Lars has taken to offering a toast each night as we sit down for dinner. Instead of offering a compliment or well-wish to someone, though, he uses his moment of attention to present something he would like to have happen. For example, "I would like to propose a toast to Daddy for playing a game of Memory with me after dinner. And for trying hard to win but not being sad when he doesn't win because I am GREAT at playing Memory."

Chris made our menu and shopping list for the week! He had to do it twice because I'm an impossible spouse and pointed out that the five dinners he'd first selected contained four pasta meals, one of which we'd already eaten just the night before. Then, because he's wonderful (or he just wanted to get out of the house) he did the shopping and he only called me twice from the store. Once was to ask where they've put the ham (moved it a few months ago) and the second time - bless his heart - to ask where he'd find Chicory. Chicory? We're not exactly sleeping on mattresses of cash but I hope we're not consigned to depression coffee quite yet. Thankfully, he let me convince him not to keep looking for the stuff.

I filled out even more forms for the credit card fraud thing and learned the name, e-mail address, and telephone number of the person who used my card from Priceline by calling and asking for information about the reservation my card had paid for. Then, I Googled the phone number and got the address. If jail is not in his immediate future, I predict he will be flooded by spam, telemarketing offers, and Fuller Brush men. Who steals a credit card and then uses his own actual information to book travel reservations with it?

06 November 2006

Static Ritual

The rituals of Halloween Candy haven't changed much since I was a kid. The candy is wildly different but the rituals surrounding sorting, trading, selecting and eating are exactly as I remember them. For weeks after Halloween, the collections must be viewed and sorted each night. The sorting will be done by type of candy, by wrapper color, or by whether the collector has ever tasted that kind or not. Sometimes it is lined up in the order in which the collector intends to consume the treats, sometimes by piles according to how jealous another collector might be of the items. There is a lot of vocal admiration and it's facinating to watch bazarre trading skills develop. If a particular candy doesn't garner the expected amount of apprval, the shrewd holder of the candy might guess that a good trade might be made for any of that kind appearing in the other person's pile. A disparaging comment might provoke a trade of astronomical appeal and the urge to outdo another collector can instigate something very near war. In this fashion, one packet of Necco wafers might be exchanged for two or even three Mounds bars (dark chocolate being currently out of favor, since the neighbor girl has managed to lodge the idea that it's actually made of mud into their heads...bless her heart!). One brother offering Mama a Heath bar (remembering how she asked him to put on another costume and go around to that house again...) can inspire the other to extend his entire stock of KitKats because he knows she likes them. Top level diplomacy skills are required for Mama to make it out of the exchange without a lapful of candy or anyone in tears. To her great credit, not only did she manage, she also came out of the transaction with hugs, the Heath bar *and* the life-size 100 GRAND bar. She is (if she does say so herself) good!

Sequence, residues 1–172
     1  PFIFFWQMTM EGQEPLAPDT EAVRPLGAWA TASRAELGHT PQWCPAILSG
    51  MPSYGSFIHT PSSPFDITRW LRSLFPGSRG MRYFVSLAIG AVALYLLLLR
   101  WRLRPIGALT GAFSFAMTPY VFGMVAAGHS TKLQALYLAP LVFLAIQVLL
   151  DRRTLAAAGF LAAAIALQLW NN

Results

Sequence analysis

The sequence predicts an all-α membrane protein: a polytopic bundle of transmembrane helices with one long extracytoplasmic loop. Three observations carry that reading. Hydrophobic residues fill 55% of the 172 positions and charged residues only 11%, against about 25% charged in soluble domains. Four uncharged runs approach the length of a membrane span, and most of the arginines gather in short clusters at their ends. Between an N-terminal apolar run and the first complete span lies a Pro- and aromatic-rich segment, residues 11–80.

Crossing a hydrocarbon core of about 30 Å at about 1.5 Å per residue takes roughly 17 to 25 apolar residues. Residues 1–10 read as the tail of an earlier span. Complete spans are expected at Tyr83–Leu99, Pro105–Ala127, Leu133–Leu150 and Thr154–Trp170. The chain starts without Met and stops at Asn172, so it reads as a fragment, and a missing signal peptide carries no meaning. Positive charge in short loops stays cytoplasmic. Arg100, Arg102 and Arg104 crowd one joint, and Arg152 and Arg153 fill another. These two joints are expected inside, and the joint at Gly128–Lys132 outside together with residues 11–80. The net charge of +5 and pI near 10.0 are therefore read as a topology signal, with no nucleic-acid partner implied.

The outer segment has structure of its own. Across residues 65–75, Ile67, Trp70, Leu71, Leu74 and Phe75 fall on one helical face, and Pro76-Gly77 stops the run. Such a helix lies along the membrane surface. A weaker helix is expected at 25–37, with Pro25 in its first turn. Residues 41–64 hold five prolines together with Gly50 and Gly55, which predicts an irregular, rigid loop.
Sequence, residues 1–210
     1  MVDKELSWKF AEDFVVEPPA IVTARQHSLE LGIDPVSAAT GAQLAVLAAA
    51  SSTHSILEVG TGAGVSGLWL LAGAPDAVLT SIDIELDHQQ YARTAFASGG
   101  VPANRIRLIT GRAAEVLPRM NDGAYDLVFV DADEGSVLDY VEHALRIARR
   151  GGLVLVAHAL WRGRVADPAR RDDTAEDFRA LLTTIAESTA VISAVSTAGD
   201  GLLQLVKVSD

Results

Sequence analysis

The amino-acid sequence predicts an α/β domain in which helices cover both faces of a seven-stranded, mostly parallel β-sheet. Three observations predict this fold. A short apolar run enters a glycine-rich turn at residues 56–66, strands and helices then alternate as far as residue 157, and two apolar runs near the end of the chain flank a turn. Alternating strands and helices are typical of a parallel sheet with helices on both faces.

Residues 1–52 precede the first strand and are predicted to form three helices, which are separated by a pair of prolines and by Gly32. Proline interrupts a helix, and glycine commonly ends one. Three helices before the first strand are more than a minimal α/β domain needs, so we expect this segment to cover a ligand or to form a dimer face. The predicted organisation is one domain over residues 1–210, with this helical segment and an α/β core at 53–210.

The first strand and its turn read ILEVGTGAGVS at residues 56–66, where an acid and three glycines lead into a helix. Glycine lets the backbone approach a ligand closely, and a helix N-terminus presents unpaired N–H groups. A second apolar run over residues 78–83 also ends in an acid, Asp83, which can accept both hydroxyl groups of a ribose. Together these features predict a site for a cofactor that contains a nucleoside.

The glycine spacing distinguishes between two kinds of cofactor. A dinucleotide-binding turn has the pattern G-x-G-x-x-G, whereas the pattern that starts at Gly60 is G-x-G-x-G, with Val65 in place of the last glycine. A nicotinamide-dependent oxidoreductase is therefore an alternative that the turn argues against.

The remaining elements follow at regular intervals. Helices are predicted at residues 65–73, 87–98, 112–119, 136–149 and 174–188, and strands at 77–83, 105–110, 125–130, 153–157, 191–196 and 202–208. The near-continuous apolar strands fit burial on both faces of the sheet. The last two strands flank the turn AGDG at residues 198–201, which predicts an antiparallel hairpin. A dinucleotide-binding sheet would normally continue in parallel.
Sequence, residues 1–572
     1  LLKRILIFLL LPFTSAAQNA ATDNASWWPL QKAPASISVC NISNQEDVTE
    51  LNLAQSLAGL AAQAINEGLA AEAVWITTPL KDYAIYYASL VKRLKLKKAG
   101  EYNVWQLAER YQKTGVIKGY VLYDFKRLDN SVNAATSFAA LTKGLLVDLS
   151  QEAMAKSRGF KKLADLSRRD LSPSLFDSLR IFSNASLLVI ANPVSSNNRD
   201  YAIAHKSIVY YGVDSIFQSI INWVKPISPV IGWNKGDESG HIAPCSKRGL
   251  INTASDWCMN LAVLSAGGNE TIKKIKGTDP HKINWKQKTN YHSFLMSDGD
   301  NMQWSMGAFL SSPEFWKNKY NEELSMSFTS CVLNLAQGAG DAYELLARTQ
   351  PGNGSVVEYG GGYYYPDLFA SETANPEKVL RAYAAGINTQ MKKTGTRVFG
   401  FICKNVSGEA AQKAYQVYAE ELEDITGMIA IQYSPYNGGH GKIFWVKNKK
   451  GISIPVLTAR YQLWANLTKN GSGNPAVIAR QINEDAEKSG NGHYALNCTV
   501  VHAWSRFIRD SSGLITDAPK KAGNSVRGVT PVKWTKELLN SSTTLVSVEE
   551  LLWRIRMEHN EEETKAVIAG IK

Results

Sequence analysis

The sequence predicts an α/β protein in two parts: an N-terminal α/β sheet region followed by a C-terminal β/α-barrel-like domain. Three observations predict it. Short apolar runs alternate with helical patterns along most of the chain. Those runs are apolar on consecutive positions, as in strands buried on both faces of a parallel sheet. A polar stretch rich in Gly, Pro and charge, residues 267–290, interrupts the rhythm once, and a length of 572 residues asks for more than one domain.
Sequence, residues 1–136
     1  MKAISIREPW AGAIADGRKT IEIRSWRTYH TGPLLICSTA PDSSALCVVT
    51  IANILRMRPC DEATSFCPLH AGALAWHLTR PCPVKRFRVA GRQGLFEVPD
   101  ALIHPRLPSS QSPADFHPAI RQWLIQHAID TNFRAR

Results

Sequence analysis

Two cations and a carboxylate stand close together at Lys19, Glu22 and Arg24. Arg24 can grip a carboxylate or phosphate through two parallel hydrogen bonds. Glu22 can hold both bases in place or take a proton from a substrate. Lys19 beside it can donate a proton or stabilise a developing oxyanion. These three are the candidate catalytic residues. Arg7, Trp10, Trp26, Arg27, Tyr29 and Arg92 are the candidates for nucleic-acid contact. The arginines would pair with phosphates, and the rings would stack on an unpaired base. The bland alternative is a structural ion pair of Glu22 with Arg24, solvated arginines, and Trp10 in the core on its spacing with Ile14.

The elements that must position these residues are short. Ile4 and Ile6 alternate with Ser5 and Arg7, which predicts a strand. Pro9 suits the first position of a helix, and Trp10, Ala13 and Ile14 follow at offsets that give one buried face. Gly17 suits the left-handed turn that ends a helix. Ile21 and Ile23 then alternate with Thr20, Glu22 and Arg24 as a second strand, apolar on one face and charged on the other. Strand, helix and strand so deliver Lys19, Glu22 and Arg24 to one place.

P.S. Can you tell which kid is a little bit compulsive? I took the picture before he got to moving them into position by colors, with each color spaced one life-size Butterfinger length away from the others...

04 November 2006

White Hibiscus by Cheryl Meehan

I stumbled on the blog of artist Cheryl Meehan one day and found myself intrigued by some of her paintings. I was also impressed by her vow to do a painting each day, as a way of improving her skill and focusing on her art - I admire dedication like that quite a bit. Mid-September, Cheryl painted White Hibiscus, a painting I couldn't stop looking at! The colors are gorgeous and the way she captured the light is fabulous. I sent her a note and a short while later, became the owner of the lovely painting. It is just back from the frame shop and now hangs over my desk, where I can see it often!

03 November 2006

Sound Bites

In conversation over dinner tonight I mentioned Barbizon, a company I work with on occasion. Ross perked right up, "Barbizon? Is that a Transformer?"

I couldn't help but grin, "No, it's a company I know from work."

Wistfully, he sighed, "Oh, too bad. 'Barbizon' would make a cool Transformer!"


An acapella quartet of Firemen
sang the anthems before the Bruins-Sabres game yesterday. Chris asked how they'd be classified (I think he meant musically) and Ross immediately offered, "Non-fiction, animal." Made me realize I have no idea what really goes on in his head sometimes...

02 November 2006

7:43am: Too Early for Poor Grammar

I have a Starbucks affliction. Actually, it's a coffee affliction...but Starbucks is a particularly gratifying way to satisfy it, especially if you say, "Triple grande latte for Karen," to the person in the green apron with the Sharpie and the stack of cups. If said person is also wearing blue tint glasses and manning the early morning line in the NYP station branch, I don't usually have to speak - a watery smile demonstrating my lack of caffeine is enough to get him writing my standard order on a cup and waving me toward the pastry case. This morning started off well enough - much too early but well all the same. Train mostly on time (despite rain), transfer uneventful, watery smile, apple fritter, swipe card, get GTL, grab a few napkins, head for subway.

Standing on the subway platform, I started to fold the napkins into my bag when I noticed they have a new design. It's light green print on unbleached recycled napkin stock, so you have to look closely to see what it says: Less napkins. More plants. More planet. Less napkins.

Less napkins? LESS? And did they have to write it twice? FEWER. FEWER NAPKINS. Less/fewer errors bother me even after I've had coffee but they turn out to be particularly annoying before coffee, in a subway station at 7:43am. It's almost enough to send me back to carrying cash for corner cart coffee.

01 November 2006

Post Halloween Observation

Kit Kat snack bars seem smaller this year. Good thing there were a lot of them!